SAN FRANCISCO (Reuters) - Aeropostale Inc ARO.N unveiled a quarterly earnings forecast that beat analysts’ estimates, a rare spot of good news for the struggling sector, and announced the launch of a new kids’ chain this summer.
But the teen- and pre-teen apparel retailer’s shares, which have climbed nearly 60 percent since January, slipped 1.7 percent after-hours on Thursday. They had jumped 3 percent in regular trading.
Needham & Co analyst Christine Chen said some investors cashed in gains, while others might have been initially wary of Aeropostale’s first-quarter outlook, which included charges from the closure of its small “Jimmy ‘Z” chain.
Aeropostale, whose stylized “A” graces the T-shirts of many a teenage American boy and girl, has taken market share from rivals at its main chain of some 900 stores as teens and their price-conscious parents gravitate to lower-cost casual fashions in a deepening recession.
Hoping to capitalize on that bargain-hunting, Aeropostale plans to launch a new children’s store, P.S. from Aeropostale, in June, with an online launch soon after. The new chain will target kids of ages 7 to 12 and its first stores will open in the New York City area.
Aeropostale said it expects first-quarter earnings per share of 22 cents to 24 cents, including a 3 cent per share charge related to the closure of Jimmy ‘Z.
Excluding the Jimmy ‘Z costs, Aeropostale anticipates earnings of 25 cents to 27 cents, above the 24 cents per share expected, on average, by Wall Street.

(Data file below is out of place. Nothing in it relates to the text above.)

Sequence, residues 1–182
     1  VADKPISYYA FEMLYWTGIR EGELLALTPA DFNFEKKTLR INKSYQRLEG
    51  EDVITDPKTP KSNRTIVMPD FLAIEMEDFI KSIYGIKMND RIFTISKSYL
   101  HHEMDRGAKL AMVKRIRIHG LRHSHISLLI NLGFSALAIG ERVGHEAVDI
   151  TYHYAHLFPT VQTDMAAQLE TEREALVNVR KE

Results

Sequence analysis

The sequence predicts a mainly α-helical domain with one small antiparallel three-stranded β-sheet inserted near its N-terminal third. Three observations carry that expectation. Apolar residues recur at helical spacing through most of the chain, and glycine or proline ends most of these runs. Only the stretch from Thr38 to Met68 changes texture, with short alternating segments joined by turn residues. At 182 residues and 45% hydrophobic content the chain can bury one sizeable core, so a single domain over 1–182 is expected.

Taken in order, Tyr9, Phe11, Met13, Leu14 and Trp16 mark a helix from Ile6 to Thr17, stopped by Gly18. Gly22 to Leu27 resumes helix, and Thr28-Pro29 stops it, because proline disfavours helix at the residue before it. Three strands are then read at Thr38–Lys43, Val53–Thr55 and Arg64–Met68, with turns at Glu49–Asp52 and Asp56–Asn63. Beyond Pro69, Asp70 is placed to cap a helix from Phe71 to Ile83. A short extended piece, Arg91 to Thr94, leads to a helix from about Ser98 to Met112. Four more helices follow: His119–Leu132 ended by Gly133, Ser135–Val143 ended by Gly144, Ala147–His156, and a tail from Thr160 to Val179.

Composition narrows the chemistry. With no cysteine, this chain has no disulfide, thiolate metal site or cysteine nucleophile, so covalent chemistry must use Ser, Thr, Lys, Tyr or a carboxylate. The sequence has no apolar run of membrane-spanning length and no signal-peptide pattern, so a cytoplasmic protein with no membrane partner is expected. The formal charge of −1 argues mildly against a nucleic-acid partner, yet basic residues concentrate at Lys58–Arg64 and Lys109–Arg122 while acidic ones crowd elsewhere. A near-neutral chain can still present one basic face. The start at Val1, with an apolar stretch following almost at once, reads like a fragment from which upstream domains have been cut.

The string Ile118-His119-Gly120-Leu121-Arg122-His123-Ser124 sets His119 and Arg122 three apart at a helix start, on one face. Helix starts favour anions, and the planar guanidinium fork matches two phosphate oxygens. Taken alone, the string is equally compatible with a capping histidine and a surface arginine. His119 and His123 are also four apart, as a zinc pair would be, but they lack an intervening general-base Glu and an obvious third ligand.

Jimmy ‘Z closure costs are expected to crimp second-quarter earnings again by 2 cents per share.
Last month, Aeropostale said it would shutter its 11-store Jimmy ‘Z chain to focus on its namesake chain and the upcoming children’s brand.
Net income in Aeropostale’s fourth quarter, which included the pivotal holiday season, rose to $68.2 million, or $1.01 per share, from $64.7 million, or 95 cents per share, a year earlier. That was a penny above the $1.00 per share expected, on average, by analysts, according to Reuters Estimates.
Revenue rose 17 percent to $690 million while same-store sales, a key gauge of retail performance, rose 6 percent. Online sales rose 88 percent.
But profit margins suffered from holiday markdowns, falling to 35.3 percent of sales from 37.8 percent a year earlier.
Although teen shoppers and their parents have cut back on visits to the mall and spending on apparel, Aeropostale has managed to post same-store sales gains -- a surprising feat amid mostly horrendous results in the sector.
Aeropostale has managed to outshine rival teen chains in past months. This week, American Eagle Outfitters (AEO.N) posted sharply lower quarterly earnings and a 16-percent slide in same-store sales in the quarter.
The Gap’s (GPS.N) chain store saw same-store sales fall 17 percent in the fourth quarter.
Aeropostale said it would spend $55 million in 2009 to open 40 of its main stores and 10 of its new children’s stores.
Chen argued P.S. from Aeropostale could be a “home run” for parents.
“The timing could be interesting for them given the environment, since they are a value proposition,” Chen said.
“What I think the Street doesn’t understand..., it’s not just the price point, it’s because the product looks awesome,” Chen said. “If it was just the price, Old Navy would be doing amazing.”
Chief Merchandising Officer Mindy Meads said the company was comfortable with its inventory position -- inventory per square foot fell 17 percent at the end of the fourth quarter -- and said she was pleased with the “positive early reads on the spring merchandise assortment.”
“We will buy conservatively, remain nimble in order to maximize both sales and margin,” Meads said.
Reporting by Alexandria Sage; editing by Richard Chang and Carol Bishopric